When Brent Ridge and Josh Kilmer-Purcell, aka the Beekman Boys, bought a farm in upstate New York, they were urbanites seeking a country escape. Now they live year-round on the farm, where they create provisions and home goods for their Beekman 1802 line. At their current pop-up in the lobby of the Lenox Hotel, you’ll find a curated selection of those wares, including a candle custom made for Boston. We got Ridge on the line from the farm to talk shop.
Finding out what to Google. Because almost everything we had to learn—farming, cheese-making, making soap—we started out by Googling it. And you’d be surprised by how much you can learn by watching a YouTube video.
We grow or raise about 90 percent of the food that we consume. So we are literally farm-to-our own table.
What do you miss most about living in New York? It’s funny, when you live in a big city you don’t really appreciate it. You get mired down in all the hassles of living in a big city. And I think now when we have to go into any big city, whether it’s Boston or New York, we really appreciate the creativity. I really just love walking down the street and looking into the store windows and seeing what people are doing.
Be honest: Who does the most work on the farm, you or Josh? [Laughs] Oh totally me! No, it’s 50/50. We run the whole farm with just three people—Josh, myself and Farmer John. So all three of us are constantly working to get things done. We have a great group of people helping us with the other aspects of our company, like merchandise. It takes a village to run our company.
Now that you see where all your food comes from, has your diet completely changed, and have you seen a difference in your health? Well, my career before this was in medicine, so I’ve always been a health-conscious person. But I would say we eat a lot less meat now, because we’re raising so many vegetables. And when we do raise pigs and cows, you think more about the harvest of those things.
Was it hard the first time you slaughtered an animal? It’s really hard. We cried—we still cry. Oddly, we don’t cry when we have to do the chickens or the turkeys. The poultry don’t really get you quite as emotional.
Tell us about the partnership with the Lenox. They started working with us last year when they brought in our hotel amenity line, all of which is made with goat milk. We worked with them to create dispensers for the rooms. … So they’re going to put 200,000 fewer bottles into landfills this year. So, after we started working with them almost their entire management team came to visit us on the farm, and they just fell in love with the farm and what we were doing there, and they asked us if we could do a bigger project with them. So first they started using our goat milk caramels for their turndown service, and then they asked if we’d consider opening a holiday pop-up shop in their lobby.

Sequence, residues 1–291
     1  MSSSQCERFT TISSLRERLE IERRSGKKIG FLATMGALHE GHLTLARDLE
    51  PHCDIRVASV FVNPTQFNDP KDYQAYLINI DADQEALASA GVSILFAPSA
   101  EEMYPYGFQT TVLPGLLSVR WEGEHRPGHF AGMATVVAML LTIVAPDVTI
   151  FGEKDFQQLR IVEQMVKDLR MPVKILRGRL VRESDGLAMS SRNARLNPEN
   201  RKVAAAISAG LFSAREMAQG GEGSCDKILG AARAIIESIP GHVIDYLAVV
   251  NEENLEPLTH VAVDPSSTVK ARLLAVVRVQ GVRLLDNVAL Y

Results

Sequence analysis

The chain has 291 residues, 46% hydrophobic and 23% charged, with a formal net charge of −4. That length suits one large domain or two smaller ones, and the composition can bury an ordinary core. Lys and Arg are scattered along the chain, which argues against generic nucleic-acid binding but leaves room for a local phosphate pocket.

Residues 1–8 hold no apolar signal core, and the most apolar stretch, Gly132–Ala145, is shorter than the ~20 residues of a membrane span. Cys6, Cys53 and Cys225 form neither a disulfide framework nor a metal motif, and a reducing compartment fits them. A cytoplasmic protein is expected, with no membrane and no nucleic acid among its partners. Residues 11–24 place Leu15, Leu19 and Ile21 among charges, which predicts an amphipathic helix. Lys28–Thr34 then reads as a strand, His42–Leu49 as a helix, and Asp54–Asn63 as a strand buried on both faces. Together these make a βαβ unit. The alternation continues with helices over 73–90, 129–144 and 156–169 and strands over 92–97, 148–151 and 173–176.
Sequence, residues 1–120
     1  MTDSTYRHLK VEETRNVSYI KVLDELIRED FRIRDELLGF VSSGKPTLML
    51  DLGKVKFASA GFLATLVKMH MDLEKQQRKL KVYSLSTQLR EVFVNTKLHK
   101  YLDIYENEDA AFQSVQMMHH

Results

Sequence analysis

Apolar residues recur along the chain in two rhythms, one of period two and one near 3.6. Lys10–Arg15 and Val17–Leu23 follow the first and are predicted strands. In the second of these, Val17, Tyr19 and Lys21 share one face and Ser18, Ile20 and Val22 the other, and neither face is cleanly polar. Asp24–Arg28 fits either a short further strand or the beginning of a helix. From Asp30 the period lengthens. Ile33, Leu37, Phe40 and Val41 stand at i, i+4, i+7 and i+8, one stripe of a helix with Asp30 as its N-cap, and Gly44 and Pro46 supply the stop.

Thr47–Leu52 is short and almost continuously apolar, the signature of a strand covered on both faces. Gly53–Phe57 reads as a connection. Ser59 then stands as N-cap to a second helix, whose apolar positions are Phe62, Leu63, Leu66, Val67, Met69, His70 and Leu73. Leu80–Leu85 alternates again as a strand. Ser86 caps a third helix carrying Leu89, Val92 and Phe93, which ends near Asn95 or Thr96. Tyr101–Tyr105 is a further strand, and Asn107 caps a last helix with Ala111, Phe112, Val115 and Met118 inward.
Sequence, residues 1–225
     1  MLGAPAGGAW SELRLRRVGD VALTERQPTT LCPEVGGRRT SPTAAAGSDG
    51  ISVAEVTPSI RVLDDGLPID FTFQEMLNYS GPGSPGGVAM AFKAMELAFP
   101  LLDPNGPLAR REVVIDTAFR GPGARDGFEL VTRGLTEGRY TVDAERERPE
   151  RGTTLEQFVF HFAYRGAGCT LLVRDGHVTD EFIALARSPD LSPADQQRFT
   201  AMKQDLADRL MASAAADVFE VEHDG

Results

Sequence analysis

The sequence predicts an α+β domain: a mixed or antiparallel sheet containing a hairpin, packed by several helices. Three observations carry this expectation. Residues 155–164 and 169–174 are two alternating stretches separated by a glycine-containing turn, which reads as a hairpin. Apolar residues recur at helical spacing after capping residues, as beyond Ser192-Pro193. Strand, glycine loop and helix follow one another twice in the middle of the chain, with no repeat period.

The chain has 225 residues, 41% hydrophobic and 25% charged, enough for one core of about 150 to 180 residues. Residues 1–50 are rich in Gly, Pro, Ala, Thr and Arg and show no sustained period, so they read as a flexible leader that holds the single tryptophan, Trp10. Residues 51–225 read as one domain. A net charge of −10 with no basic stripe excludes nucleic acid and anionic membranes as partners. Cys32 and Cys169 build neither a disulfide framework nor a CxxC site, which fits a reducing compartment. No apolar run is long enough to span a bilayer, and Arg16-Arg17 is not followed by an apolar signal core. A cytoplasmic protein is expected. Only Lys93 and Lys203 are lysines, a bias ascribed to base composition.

It’s kind of an edited selection of what we have in our home mercantile, so it has all the goat milk skincare, some of our artisanal food products, goat milk caramels and chocolate covered goat milk caramels. It has our cookbooks, some of our home wares. We designed a candle exclusively for the pop-up. We had one of our artisans hand-throw each of the ceramic vessels, and the interiors of them are glazed with 14 karat gold, so that when the candle burns down it flickers into the gold, and then it’s scented with Mayflower blossoms, which of course is the state flower of Massachusetts. So people can only buy that at the Lenox location—you can’t get that in our online shop.
How did you discover that goat milk was good for the skin? We Googled it. [Laughs.] A local farmer was moving his farm and asked if he could bring his goats to our property to graze. We allowed him to do that, and shortly after that, in the recession of 2008, we both lost our jobs and had to figure out a way to make the farm sustain itself. So we were just Googling “What can you make with goat milk?” It turns out that goat milk has the same pH as human skin, so it’s really moisturizing.
You guys competed on The Amazing Race—and won! What was that like? It was terrible, until the last 30 seconds! But the most amazing thing was when we were in Indonesia. Before doing the Race we had our show, The Fabulous Beekman Boys, so before we left we printed “Beekman Boys” on our T-shirts, so that when we were on TV, people would see it. So we were in Indonesia and had just finished a terrible task that had depleted every bit of energy we had. It was like 110 degrees, and I think at that point we were in, like, last place. We were running down this little alleyway, and all these little kids came out from school and read our shirts and started chanting, “Beekman Boys! Beekman Boys!” That really gave us a breath of life.
If you could be on another reality show, what would it be? Well, Josh would say Survivor. In Josh’s mind he’s like “all you do is sit on the beach the whole time.” But for me it would be Dancing with the Stars. Not because I’m a good dancer, but because I love learning things, and they get to learn all those dances in just a couple months.
You could YouTube learn those dances, you know. That’s true, that’s true—but there’s not a mirror ball to win. Well, I suppose I could make my own mirror ball. [Laughs]